2013-09-23 00:27: Added information about ESXi 5.5 not including RTL8111E support
2013-09-23 22:23: Added a link to installing ESXi 5.5 with RTL8111E support
In my last post, I covered my journey of finding a small, quiet, low-power virtualisation lab computer that can run nested virtualisation.
The final system
To summarise, here’s the system I ended up with, after much consideration:
- Gigabyte Brix, Core i5 barebones kit (GB-XM11-3337) [Buy in the UK]
- 16GB (2x8GB) SO-DIMM Crucial RAM
- Plextor M5M 256GB SSD [Buy in the UK]
Total cost was roughly £575 ($920), but if you opt for a more modest Core i3 with 8GB RAM and a 128GB SSD you can make it as little as £370 ($600), which is much more palatable. Here’s a rough shopping list.
Power consumption idles around 12 watts running VMware ESXi 5.1 and I’ve seen it go up to 25 watts when I was loading it pretty hard with Turbo Boost at full pelt and the SSD being written to constantly.
I chose a higher-spec, more expensive system than I normally would, as I wanted to run an entire Nested Virtualization lab inside it including:
- Multiple ESXi hypervisors, to emulate a cluster
- Virtual router and virtual NAS to provide networking capabilities and shared storage inside the nested lab.
- Multiple “Infrastructure” Virtual machines such as Active Directory, vCenter and vCloud
- Multiple Hyper-V hypervisors to play with Microsoft’s offerings
The Brix GB-XM11-3337 I opted for has an Intel Core i5-3337U 1.8GHz processor with Turbo Boost which supports both Intel VT-x with EPT (Extended Page Tables) for Nested Virtualization and VT-d for directly passing through connected hardware to a VM running on the ESXi hypervisor (The Core i3 doesn’t support VT-d, so bear that in mind if you fancy it).
In addition, the Gigabit NIC is a Realtek RTL8111E which works out of the box with a standard VMware ESXi 5.1 install. For me, this makes it more attractive than the Intel NUC, which needs some hackery to get the driver installed. I’m not lazy; I’m efficient 😉
Putting it together
This is what I love about these barebones systems; they take minutes to put together. The RAM slots in exactly like a laptop, and the mSATA drive is easy to install. Gigabyte even include a screw for you to screw down the mSATA drive after installing it (just make sure to unscrew it before you install the mSATA drive!)
Now everything’s installed, let’s tweak the configuration before installing ESXi.
- A USB keyboard
- Either a TV or Monitor capable of taking a HDMI source, or a DisplayPort monitor.
I’ve been struggling to get the Mini-DP port to play nicely with my Dell U2412m, so I’ve resorted to using my HDMI TV for configuration.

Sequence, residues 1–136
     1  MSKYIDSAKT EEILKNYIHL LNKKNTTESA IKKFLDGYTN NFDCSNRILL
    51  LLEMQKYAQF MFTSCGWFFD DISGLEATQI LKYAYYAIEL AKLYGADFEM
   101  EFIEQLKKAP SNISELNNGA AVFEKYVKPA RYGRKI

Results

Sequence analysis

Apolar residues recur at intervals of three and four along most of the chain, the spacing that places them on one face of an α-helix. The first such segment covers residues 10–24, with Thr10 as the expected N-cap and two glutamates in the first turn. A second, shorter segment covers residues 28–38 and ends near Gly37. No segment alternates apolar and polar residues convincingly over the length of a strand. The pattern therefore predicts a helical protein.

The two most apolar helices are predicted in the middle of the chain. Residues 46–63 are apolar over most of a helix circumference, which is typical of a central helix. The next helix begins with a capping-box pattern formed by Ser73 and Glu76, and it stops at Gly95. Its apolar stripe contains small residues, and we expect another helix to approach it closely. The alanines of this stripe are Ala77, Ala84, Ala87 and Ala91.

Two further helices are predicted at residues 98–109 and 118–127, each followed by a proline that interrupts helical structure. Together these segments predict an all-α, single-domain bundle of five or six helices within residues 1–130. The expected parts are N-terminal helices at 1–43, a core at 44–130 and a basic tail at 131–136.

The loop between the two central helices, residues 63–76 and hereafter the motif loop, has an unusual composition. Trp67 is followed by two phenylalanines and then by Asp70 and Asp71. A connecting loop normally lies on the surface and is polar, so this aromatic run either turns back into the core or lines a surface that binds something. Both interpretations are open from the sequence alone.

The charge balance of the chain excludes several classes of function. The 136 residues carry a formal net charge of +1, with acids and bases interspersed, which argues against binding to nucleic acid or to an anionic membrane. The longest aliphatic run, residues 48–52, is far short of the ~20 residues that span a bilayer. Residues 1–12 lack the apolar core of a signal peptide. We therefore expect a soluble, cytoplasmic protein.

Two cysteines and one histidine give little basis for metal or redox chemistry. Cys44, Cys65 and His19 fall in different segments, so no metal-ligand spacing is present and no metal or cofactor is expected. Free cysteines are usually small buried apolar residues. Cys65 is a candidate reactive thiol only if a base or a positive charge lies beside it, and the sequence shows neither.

Update: I’ve since found that a HDMI to DVI converter works well with my monitor. Mini-DP is still troublesome.
- Enable Virtualization
- If you want lower idle and standby power usage, enable Erp. This does mean you won’t be able to use Wake-on-LAN, however.
Upgrade the Plextor M5M SSD firmware
The SSD arrived with Firmware version 1.02. This version appeared to have a power usage issue, which was picked up in the Anandtech review, but their testing method wasn’t 100% sound due to not being able to accurately measure the 3.3v rail. Either way, version 1.03 says it fixes a power consumption issue, so let’s upgrade the SSD.
As the Brix doesn’t have a DVD drive, we need to convert the ISO provided by Plextor to a bootable USB stick. Fortunately, Unetbootin does a great job of this:
- Download the latest version of the firmware in ISO format
- Download Unetbootin
- Write the ISO to a USB stick using Unetbootin
- Boot the Brix from the USB stick, and at the Unetbootin boot menu, choose the second boot option (the one immediately below Default).
- Follow the instructions to update the firmware. It’s very quick.
This is trivial, as all the components in the Gigabyte Brix are compatible with VMware ESXi 5.1 (woohoo):
- First you need to get the ESXi 5.1 ISO. You can get the Free Edition from VMware.
- Note: Unlike ESXi 5.1, ESXi 5.5 doesn’t support the RTL8111E NIC out of the box. I’ve documented how to get ESXi 5.5 to install on the Brix
- Download Unetbootin, if you don’t have it already.
- Use Unetbootin and a spare USB stick to create a bootable USB stick from the ISO you just downloaded. Anything bigger than 1GB is fine.
- Boot the Brix from the USB stick
- Install ESXi
Note: If you want to install ESXi to the same USB stick you booted from, you can. The install files are in RAM, so you won’t saw off the branch you’re standing on 🙂 Running ESXi on a USB stick is perfectly fine in a lab and as far as I’m aware won’t degrade performance while it’s running as the OS is loaded into RAM. If you don’t want to run it off the USB stick (it does look a bit untidy), install ESXi to the SSD.
That’s it! Easy-peasy 🙂
My next post will cover Enabling and setting up Nested Hypervisors on ESXi
Fancy Hyper-V instead of ESXi as your base hypervisor?
If you want to install Hyper-V on your Brix as your base hypervisor, check out Jeff Hicks’ articles: Mini Hyper-V: Setup